A flaw that Microsoft fixed almost a decade ago is still being used by hackers, recently affecting over 2,000 victims in over 100 different countries. Hackers use the nine-year-old flaw to plant malware, dubbed ZLoader, onto devices by modifying a dynamic-link library (DLL) file that is digitally signed by Microsoft.
Researchers warned that a flaw in all major Linux systems could be exploited to gain access to full root privileges.
Hacktivists claimed to have infected the Belarus rail system with ransomware to stop Russia from advancing into the country. On Twitter, they announced that they would only offer the decryption key if Belarus President Alexander Lukashenko agreed to stop aiding Russian troops and released political prisoners in need of medical assistance. This attack is the first of its kind to be used in this way.
Researchers from the University of Sussex, UK, have found that cryptocurrencies like bitcoin are a long way away from being at risk to quantum attacks. Quantum computers would need to be 1 million times larger than they currently are to break the cryptographic algorithm that secures bitcoin, which could take a decade to become a reality, according to the researchers.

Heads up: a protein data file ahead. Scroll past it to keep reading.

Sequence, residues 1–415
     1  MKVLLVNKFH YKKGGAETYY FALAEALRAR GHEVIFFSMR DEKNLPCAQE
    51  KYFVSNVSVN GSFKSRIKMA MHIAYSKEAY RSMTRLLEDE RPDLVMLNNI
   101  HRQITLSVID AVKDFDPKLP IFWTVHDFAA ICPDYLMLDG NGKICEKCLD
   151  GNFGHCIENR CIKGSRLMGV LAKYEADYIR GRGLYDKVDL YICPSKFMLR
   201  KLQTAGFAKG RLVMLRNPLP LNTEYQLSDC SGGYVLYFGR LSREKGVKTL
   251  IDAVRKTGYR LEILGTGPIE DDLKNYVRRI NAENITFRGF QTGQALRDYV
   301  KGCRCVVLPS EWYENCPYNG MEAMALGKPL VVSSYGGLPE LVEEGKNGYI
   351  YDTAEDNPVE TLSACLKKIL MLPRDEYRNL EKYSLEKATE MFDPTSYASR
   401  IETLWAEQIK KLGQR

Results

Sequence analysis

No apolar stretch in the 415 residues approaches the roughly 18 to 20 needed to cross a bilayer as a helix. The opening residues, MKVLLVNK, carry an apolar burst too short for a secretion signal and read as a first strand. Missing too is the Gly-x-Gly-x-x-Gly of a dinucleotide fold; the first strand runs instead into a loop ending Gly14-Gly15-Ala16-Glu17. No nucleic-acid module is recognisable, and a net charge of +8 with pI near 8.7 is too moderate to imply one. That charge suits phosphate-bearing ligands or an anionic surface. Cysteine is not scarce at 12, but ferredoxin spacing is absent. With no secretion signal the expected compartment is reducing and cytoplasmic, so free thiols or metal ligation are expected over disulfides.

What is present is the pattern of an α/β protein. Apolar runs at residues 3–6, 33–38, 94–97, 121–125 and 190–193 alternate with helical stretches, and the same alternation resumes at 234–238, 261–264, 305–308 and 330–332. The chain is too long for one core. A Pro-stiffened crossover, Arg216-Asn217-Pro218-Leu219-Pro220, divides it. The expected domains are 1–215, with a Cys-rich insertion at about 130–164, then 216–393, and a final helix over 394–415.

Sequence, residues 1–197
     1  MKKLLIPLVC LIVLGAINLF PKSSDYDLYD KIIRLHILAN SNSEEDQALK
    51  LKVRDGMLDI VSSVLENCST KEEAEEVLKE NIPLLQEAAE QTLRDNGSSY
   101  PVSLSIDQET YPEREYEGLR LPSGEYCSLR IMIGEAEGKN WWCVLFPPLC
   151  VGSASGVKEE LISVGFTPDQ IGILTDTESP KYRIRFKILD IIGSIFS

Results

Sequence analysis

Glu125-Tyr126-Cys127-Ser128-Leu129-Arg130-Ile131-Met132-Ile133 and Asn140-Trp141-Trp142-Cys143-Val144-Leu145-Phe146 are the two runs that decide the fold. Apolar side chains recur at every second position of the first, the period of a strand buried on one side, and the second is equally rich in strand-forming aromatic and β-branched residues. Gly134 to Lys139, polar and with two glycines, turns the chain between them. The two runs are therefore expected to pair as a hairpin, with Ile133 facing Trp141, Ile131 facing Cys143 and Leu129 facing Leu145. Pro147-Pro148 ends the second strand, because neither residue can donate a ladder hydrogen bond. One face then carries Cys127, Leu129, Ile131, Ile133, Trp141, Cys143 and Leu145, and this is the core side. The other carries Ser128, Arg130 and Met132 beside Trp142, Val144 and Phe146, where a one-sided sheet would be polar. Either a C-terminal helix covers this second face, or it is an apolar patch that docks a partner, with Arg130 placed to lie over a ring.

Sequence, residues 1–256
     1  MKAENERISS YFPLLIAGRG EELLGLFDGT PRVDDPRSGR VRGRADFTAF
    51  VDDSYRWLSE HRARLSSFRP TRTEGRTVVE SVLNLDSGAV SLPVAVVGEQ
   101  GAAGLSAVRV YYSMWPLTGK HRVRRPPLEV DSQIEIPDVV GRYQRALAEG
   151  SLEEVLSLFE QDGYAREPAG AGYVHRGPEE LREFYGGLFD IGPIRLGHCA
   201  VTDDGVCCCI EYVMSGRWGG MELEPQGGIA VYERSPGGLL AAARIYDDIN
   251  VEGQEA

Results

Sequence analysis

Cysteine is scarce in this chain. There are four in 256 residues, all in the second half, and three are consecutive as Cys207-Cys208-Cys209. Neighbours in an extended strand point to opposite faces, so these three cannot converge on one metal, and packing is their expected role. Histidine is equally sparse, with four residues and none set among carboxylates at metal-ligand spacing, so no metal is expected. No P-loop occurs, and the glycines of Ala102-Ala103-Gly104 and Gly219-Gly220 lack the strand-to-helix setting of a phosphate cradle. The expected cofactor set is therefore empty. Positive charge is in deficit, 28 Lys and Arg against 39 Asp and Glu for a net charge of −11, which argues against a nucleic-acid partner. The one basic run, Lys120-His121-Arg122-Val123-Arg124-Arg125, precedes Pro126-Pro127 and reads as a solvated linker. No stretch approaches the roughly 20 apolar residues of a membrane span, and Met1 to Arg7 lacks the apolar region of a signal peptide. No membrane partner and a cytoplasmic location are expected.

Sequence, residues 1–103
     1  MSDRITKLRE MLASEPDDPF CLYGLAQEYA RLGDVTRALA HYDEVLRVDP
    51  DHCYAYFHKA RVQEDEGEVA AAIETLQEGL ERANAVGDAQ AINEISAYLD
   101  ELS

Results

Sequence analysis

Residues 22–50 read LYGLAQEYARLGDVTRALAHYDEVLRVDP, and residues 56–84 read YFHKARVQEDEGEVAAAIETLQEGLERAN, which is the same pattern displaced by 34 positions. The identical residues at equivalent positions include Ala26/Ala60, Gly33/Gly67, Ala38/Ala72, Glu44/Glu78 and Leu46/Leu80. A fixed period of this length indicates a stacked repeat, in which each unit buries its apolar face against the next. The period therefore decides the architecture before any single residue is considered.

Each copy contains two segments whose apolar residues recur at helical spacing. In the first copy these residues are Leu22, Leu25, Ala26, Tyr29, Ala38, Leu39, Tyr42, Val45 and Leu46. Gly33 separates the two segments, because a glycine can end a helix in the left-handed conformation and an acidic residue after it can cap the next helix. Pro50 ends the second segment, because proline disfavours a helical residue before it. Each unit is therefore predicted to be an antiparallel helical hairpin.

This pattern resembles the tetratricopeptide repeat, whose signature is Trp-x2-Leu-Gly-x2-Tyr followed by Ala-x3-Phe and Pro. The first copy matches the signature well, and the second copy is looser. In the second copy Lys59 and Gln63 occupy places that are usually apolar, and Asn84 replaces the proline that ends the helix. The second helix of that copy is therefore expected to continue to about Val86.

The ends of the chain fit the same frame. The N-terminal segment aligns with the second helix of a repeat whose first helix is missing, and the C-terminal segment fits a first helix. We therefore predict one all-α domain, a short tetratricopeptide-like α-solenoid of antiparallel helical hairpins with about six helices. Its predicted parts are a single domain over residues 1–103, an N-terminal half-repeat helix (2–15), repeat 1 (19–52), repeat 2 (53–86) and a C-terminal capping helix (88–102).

The U.S. White House held a meeting of both government and private stakeholders in January to discuss ways to improve the security of open source software. Proposed plans include integrating security into development tools and using best practices like code signing, strong digital identities and informing the public of what is in the software they purchase and use. This is one of many discussions that have taken place since President Biden made software security a national priority.
Britain launched its first ever Government Cyber Security Strategy. This will make it easier for the public to report cyber vulnerabilities and attacks and includes investments into protecting Britain’s public services from cyber threats.